Understanding the Research Onion (Saunders et al., 2015)
Understanding the Research Onion (Saunders et al., 2015)
Research is an incredibly important tool for understanding and navigating the world around us. It is used to shape policies, make decisions, validate existing ideas or beliefs, and gain insights into how the world works.
However, conducting research is not always an easy task. It often feels like a never-ending cycle of questions and answers. What research questions should you ask? Where do I start from? What type of methodology should I use? How can I make sure that my research is ethical and valid? What kind of data do I need? How do I collect the data?
Thankfully, there’s a tool that can help guide you through the research process: the research onion. The research onion is a conceptual framework that provides a roadmap to guide a researcher from the initial stage of a project to the finished product. It helps in understanding the complexity of research and is widely used by researchers in the social sciences. It can be used for both qualitative and quantitative research, and understanding the onion’s layers can give a more comprehensive and holistic understanding of the research.
In this article, we will take a closer look at each layer of the research onion and how it can be used to improve the quality of your research projects. We will also discuss some common misconceptions about research methods and how understanding the onion can help researchers avoid these errors.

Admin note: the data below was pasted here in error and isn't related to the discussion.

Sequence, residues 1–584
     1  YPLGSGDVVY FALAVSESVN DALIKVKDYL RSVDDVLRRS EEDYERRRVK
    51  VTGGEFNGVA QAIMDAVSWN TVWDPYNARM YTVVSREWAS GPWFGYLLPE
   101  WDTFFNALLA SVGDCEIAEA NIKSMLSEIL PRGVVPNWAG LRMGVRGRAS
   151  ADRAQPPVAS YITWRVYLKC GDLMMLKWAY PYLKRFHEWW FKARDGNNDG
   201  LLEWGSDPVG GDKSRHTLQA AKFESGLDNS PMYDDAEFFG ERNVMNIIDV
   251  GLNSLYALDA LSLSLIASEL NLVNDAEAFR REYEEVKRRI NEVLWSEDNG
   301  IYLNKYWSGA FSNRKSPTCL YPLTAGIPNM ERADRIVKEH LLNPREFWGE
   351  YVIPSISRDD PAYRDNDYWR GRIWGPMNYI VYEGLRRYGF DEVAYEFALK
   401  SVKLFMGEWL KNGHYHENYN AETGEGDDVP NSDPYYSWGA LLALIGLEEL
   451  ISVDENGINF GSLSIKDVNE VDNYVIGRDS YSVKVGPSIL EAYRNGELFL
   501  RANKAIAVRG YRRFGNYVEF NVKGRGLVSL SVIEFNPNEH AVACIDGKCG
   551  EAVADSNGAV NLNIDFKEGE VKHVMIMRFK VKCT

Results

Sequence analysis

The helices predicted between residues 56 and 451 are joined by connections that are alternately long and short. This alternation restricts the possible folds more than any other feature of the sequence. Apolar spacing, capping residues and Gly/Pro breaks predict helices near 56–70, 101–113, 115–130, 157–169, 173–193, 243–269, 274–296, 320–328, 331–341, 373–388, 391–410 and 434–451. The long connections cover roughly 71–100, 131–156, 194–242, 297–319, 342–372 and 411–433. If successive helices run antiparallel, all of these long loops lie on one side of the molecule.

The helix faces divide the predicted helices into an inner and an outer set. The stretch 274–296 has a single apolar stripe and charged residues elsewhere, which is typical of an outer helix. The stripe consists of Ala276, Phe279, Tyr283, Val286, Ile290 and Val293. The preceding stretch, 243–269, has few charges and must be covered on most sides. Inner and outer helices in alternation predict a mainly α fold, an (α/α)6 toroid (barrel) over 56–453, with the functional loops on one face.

What is the research onion?
The research onion is a concept that describes the stages of planning and designing a research project. It is a metaphorical model used in research methodology to illustrate the various layers or stages involved in the research process. It is based on the idea of layering, with each layer representing a different stage of the research process.
As the word suggests, this process is similar to peeling an onion; as you go deeper into your research project, you will see more layers that need to be peeled off before reaching the core of your data analysis. Each layer of the onion represents a different step in the process of conducting research, and each step builds upon the previous one. The main idea behind the research onion is that researchers need to understand how their decisions at each stage can affect the quality and validity of their findings.